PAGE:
Dar Pomorza is the most famous of Polish tall ships.
It was built at the internationally acclaimed Blohm und Voss shipyard in Hamburg, Germany. The shipyard laid the keel on 9 March 1909 and launched the ship already on 12 October of the same year. In the following year, on 6 April, the ship was put into service under the name of Prinzess Eitel Friedrich, in honour of duchess Sophia Charlotte of Oldenburg, a daughter-in-law of the German Emperor Wilhelm II. Hamburg became the first homeport for the tall ship which served as a training vessel for the German merchant fleet. At that time, the white of her hull was broken with an ochre stripe on the sides of her bow and stern. It was a typical pattern used by the Association of Training Tall Ships (Deutscher Schulschoff Verein), the first operator.
After the First World War, France took over the ship as part of the war reparation. Additionally, her name was changed to Colbert. The French did not have a plan for the ship and she stayed on a rope and decayed in Saint Nazaire for a number of years. There, in 1929, she was spotted by Poles who were looking for the successor to the worn out training vessel “Lviv”. The tall ship’s looks were not imposing, and she was described by the press “a pile of scrap”. However, an in-depth inspection revealed that the ship was in a good condition. The contract was signed shortly after. For a bargain price of 7.000 pounds sterling, largely from donations offered by inhabitants of the Pomerania Region, Poland purchased the tall ship to be operated by the Higher Maritime School which had just been moved from Tczew to Gdynia.
In December 1929, while moving across the Biscay Bay to the Danish shipyard in Nakskov, two tow ropes broke. Since the ship did not have an engine, she drifted quickly towards the dangerous shore of Brittany. The minimal crew finally managed to anchor the ship just 30 meters from the rocks of Les Etocs! In this position, the ship survived lashes of violent hurricane-like winds. After her renovation in Denmark, the square-rigger sailed to Gdynia where on 13th July 1930 the white and red national flag was solemnly hoisted. Initially, the name chosen for the ship was Pomorze. The word “Dar”, which means a gift, was added to recognize the generosity of Pomeranian citizens.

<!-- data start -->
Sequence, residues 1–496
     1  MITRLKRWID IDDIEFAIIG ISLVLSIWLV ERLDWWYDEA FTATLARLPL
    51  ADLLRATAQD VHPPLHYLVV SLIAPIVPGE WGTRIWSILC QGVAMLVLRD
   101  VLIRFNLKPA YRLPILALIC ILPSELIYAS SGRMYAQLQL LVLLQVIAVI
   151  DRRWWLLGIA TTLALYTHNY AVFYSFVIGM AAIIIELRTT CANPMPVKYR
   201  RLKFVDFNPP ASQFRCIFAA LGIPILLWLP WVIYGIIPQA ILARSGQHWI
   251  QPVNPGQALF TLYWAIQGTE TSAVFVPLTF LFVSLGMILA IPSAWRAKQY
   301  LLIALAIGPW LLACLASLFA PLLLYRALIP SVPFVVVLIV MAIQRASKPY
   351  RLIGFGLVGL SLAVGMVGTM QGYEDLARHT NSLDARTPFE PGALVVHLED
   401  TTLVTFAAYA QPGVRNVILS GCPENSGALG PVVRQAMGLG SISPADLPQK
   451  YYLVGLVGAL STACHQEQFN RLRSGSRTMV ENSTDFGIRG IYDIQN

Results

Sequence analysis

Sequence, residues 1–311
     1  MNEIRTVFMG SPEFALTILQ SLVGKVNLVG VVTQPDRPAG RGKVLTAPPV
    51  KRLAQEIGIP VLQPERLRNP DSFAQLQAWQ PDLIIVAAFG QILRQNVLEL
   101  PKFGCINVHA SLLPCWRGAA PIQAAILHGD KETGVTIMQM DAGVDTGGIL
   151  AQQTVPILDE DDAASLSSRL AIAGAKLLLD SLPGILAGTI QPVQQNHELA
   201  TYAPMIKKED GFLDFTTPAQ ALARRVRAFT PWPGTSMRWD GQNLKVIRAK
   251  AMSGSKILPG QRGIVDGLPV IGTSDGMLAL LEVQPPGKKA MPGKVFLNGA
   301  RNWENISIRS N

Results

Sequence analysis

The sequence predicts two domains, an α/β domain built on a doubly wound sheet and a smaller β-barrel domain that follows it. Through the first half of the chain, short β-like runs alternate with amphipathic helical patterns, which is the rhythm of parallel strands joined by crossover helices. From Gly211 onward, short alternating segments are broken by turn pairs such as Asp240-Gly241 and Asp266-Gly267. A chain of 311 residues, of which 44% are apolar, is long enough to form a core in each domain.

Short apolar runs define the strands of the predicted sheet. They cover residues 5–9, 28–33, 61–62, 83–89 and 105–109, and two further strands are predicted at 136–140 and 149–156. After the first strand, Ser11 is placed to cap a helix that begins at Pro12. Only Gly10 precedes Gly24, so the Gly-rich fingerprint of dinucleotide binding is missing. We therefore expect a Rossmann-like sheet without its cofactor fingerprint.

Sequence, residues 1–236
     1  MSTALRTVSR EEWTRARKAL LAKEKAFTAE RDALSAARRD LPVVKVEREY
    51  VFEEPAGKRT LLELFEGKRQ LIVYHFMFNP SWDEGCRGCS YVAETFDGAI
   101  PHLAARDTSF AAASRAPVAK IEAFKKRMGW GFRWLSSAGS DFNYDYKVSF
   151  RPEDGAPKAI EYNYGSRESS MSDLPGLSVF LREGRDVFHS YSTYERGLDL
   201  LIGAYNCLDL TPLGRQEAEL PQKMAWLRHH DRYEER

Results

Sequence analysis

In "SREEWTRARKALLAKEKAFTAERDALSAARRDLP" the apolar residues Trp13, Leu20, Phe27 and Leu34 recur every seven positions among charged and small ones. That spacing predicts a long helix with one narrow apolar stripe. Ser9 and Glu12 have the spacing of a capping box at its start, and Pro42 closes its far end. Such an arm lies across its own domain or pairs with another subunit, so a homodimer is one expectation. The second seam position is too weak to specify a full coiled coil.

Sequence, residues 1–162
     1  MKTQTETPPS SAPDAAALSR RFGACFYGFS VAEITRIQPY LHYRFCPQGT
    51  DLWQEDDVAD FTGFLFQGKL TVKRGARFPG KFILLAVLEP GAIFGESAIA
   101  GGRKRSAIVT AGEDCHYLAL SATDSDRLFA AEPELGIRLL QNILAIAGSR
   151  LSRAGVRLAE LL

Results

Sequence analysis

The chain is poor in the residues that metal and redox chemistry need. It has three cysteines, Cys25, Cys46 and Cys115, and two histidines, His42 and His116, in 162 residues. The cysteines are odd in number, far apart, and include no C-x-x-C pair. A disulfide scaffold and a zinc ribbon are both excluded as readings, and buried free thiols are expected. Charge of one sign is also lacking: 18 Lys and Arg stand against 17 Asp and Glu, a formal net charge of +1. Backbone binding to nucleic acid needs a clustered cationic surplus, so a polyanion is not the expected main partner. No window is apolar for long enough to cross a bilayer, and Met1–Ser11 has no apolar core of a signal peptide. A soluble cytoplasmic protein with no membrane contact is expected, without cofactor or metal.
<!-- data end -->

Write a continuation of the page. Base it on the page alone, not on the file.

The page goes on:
In 1934-35, under the command of Konstanty Maciejewicz, she was the first Polish ship to circumnavigate the globe. The pioneering cruise lasted almost a year (16 September 1934 – 3 September 1935). At that time, the square-rigged ship had covered the distance of nearly 39 thousand nautical miles. On 1st March 1937, during her winter cruise, Dar Pomorza rounded the Cape Horn. The white and red flag had never been seen before in these stormy waters. One year later, the ship participated in a meeting held at the initiative of the new Stockholm-based North European Sail Training Association. It is now considered to be the first historical tall ships rally. Dar Pomorza returned to the Swedish capital shortly and stayed there longer than planned. She was interned and spent the Second World War in Stockholm. After her return to Poland, she continued her service as a training ship for seafarers and officers.
In 1972, the “white square-rigged ship” raced for the first time in the Tall Ships Races. On the Solent-Skaw leg, under the command of Kazimierz Jurkiewicz, the ship won a brilliant victory over German Gorch Fock and American barque Eagle. Two years later, the victory attracted the Tall Ships Races to Gdynia, Poland. In 1976, the ship went to New York in honour of the 200th anniversary of the US Independence Declaration. The last trip in the active service was a trip to Kotka, Finland, in autumn 1981.
Today, she is one of the biggest tourist attractions of the Gdynia harbour and the Pomerania Province. After she retired from her regular service, she became the property of the Central Maritime Museum (now the National Maritime Museum). Since 1983, she has been accessible for visitors. Apart from periodical maintenance, the last time she left the Port Gdynia was on 5 July 2009. At that time, the tall ship, assisted by tug boats, was an honorary stand during the parade at the final of the Tall Ships Races.